A resource for teaching students to compare art works
The pairs of images in the gallery below are especially selected for teaching students to compare and contrast artworks in preparation for The Comparative Study. A comparison is more effective when it has a strong basis for comparing: some common ground, be it concept, context, subject matter, medium or technique.
For the final Comparative Study students should select their own artworks based on their areas of personal interests. The final CS will also include a comparison of a minimum of 3 artworks, by at least two artists
Basic Guidelines for Comparing
Building skills for the CS
The Artworks and their Context
Identify each art work selected and analyze
Compare and contrast the works selected
- Compare the cultural contexts of the work, how are they shaped by their culture, time and art history?
- Compare the formal qualities, how are they similar, how do they differ visually?
- Compare the content, motifs, signs, symbols…do they share similar concepts, artistic purpose or intentions?
Download Basic Guidelines fo Comparing
In the gallery are 8 pairs of images that are well suited to teaching a guided comparison. In some of the pairs, one art work is clearly acknowledging or referencing an earlier work, and others are completely unaware of each other and their possible commonalities and differences. Each pair is chosen from differing cultural or historical contexts and each share varying degrees of connection.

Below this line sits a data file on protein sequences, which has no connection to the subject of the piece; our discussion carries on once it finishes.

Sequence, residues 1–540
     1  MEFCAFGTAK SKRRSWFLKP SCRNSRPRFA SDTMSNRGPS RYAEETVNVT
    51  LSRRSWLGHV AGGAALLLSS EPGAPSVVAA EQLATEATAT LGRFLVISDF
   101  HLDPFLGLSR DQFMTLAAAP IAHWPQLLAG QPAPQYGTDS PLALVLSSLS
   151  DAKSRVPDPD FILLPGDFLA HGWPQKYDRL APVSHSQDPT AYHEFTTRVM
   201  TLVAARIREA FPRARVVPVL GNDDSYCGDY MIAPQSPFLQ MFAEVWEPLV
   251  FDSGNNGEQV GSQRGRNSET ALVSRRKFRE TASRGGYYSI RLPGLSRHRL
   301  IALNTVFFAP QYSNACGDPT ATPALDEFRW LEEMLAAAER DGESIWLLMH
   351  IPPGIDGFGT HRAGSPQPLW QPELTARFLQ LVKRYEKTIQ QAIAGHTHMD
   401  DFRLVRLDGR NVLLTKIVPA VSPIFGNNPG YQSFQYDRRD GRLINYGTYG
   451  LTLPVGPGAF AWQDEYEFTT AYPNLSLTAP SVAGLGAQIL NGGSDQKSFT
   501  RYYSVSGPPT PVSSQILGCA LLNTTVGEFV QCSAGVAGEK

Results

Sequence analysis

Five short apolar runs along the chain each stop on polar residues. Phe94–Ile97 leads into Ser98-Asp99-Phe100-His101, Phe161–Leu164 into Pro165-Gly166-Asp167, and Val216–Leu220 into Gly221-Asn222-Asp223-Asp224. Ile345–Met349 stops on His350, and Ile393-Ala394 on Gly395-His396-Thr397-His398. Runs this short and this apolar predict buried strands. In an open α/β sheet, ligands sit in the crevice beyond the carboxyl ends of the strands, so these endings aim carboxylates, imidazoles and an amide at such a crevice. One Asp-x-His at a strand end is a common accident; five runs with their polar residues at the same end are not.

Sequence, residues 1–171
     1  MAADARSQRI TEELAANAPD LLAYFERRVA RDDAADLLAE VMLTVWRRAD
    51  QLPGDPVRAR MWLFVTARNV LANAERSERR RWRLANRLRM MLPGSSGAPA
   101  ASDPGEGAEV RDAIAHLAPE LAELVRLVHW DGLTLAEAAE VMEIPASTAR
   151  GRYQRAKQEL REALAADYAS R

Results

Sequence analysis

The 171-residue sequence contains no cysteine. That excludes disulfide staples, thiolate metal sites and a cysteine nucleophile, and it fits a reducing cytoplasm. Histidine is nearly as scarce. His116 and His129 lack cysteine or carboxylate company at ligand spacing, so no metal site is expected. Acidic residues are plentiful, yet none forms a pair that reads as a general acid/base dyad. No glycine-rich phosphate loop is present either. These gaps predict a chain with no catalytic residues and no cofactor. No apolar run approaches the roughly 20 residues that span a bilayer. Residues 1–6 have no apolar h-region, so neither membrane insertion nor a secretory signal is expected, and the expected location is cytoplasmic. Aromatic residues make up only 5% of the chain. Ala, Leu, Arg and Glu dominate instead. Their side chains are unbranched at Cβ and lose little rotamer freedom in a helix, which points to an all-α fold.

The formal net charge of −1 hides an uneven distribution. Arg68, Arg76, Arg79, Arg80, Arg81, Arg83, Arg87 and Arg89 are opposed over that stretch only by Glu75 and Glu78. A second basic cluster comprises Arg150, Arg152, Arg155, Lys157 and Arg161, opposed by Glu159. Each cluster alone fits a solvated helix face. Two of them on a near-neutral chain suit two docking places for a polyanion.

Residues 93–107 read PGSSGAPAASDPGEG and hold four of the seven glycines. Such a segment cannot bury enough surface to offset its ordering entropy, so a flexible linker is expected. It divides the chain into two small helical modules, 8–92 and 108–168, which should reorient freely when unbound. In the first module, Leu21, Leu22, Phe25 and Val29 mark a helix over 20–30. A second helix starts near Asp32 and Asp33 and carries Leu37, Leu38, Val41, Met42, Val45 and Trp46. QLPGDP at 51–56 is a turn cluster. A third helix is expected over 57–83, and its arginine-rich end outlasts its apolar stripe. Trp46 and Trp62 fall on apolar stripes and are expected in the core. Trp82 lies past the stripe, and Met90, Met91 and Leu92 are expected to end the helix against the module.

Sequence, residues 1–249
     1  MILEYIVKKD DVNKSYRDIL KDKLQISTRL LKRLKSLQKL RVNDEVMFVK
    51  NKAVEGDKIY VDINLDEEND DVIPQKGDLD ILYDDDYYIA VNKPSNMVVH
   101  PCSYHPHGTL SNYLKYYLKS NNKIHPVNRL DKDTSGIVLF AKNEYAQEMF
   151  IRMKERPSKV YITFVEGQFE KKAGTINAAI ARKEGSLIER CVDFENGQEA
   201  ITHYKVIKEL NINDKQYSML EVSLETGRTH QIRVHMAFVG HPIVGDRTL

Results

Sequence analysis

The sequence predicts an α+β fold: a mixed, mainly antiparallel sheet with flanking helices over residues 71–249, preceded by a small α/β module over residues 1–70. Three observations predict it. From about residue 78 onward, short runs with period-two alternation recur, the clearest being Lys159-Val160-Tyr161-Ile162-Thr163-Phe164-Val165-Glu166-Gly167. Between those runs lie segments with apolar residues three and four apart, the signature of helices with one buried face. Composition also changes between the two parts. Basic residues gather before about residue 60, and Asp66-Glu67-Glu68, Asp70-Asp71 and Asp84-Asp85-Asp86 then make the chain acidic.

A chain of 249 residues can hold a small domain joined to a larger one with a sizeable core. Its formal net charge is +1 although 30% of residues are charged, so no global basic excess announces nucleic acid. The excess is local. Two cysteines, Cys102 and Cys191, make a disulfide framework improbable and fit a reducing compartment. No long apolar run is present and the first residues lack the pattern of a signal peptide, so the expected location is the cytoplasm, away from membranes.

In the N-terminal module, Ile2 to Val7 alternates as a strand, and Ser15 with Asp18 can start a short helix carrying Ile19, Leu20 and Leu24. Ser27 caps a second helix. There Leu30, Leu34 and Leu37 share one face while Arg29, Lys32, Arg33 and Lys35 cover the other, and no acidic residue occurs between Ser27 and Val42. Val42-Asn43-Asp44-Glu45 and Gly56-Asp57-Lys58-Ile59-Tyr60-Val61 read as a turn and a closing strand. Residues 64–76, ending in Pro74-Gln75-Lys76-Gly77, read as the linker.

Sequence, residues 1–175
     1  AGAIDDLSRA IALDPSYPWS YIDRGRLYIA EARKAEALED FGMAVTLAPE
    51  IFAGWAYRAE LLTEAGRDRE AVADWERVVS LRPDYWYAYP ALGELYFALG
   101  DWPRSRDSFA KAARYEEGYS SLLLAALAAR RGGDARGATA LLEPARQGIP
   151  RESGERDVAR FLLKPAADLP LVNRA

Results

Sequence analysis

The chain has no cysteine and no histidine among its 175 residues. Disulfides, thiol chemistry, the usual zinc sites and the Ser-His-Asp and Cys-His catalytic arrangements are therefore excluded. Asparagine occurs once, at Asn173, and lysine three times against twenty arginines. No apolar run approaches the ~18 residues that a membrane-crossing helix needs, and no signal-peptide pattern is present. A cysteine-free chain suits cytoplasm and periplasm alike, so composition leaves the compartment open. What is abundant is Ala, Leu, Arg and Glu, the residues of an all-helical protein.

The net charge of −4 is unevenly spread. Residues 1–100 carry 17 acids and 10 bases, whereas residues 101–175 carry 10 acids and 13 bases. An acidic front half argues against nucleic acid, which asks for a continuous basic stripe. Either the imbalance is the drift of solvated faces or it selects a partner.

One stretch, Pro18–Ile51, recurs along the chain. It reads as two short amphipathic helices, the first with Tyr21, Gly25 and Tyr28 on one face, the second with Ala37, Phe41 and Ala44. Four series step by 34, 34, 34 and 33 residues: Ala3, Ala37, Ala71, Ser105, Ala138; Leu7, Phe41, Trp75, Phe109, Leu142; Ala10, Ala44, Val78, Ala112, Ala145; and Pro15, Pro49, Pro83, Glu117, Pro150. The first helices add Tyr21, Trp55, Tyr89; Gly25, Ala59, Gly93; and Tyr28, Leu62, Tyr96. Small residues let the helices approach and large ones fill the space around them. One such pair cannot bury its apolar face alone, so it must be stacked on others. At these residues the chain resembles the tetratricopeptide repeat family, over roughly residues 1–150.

8 pairs (A and B) click on the thumbnail to enlarge image.
gallery also available as a pdf Slideshow of images for comparing
- Assign one pair of images to the whole class as a first exercise, following the Basic Guidelines for Comparing above
- Let students choose their own pair from the gallery for a more independent comparison
- Invite students to bring in a third artwork of their own choice by another artist
- Make an artwork in response to the works under consideration (HL)
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